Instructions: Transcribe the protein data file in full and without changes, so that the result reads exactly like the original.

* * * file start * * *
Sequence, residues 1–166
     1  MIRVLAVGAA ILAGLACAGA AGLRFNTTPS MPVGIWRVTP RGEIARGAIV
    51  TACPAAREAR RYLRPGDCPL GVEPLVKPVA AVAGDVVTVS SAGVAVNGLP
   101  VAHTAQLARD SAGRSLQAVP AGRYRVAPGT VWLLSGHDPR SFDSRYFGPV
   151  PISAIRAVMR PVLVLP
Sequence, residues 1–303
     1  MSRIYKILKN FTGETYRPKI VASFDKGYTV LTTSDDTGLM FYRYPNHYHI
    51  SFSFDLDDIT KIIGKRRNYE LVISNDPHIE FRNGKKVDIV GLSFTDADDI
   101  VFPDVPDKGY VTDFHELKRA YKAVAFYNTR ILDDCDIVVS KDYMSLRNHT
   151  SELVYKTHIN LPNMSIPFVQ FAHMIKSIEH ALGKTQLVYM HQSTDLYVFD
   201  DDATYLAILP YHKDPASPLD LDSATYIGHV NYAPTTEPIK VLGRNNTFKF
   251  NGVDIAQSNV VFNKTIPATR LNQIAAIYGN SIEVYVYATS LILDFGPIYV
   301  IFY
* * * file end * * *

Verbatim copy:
Sequence, residues 1–166
     1  MIRVLAVGAA ILAGLACAGA AGLRFNTTPS MPVGIWRVTP RGEIARGAIV
    51  TACPAAREAR RYLRPGDCPL GVEPLVKPVA AVAGDVVTVS SAGVAVNGLP
   101  VAHTAQLARD SAGRSLQAVP AGRYRVAPGT VWLLSGHDPR SFDSRYFGPV
   151  PISAIRAVMR PVLVLP
Sequence, residues 1–303
     1  MSRIYKILKN FTGETYRPKI VASFDKGYTV LTTSDDTGLM FYRYPNHYHI
    51  SFSFDLDDIT KIIGKRRNYE LVISNDPHIE FRNGKKVDIV GLSFTDADDI
   101  VFPDVPDKGY VTDFHELKRA YKAVAFYNTR ILDDCDIVVS KDYMSLRNHT
   151  SELVYKTHIN LPNMSIPFVQ FAHMIKSIEH ALGKTQLVYM HQSTDLYVFD
   201  DDATYLAILP YHKDPASPLD LDSATYIGHV NYAPTTEPIK VLGRNNTFKF
   251  NGVDIAQSNV VFNKTIPATR LNQIAAIYGN SIEVYVYATS LILDFGPIYV
   301  IFY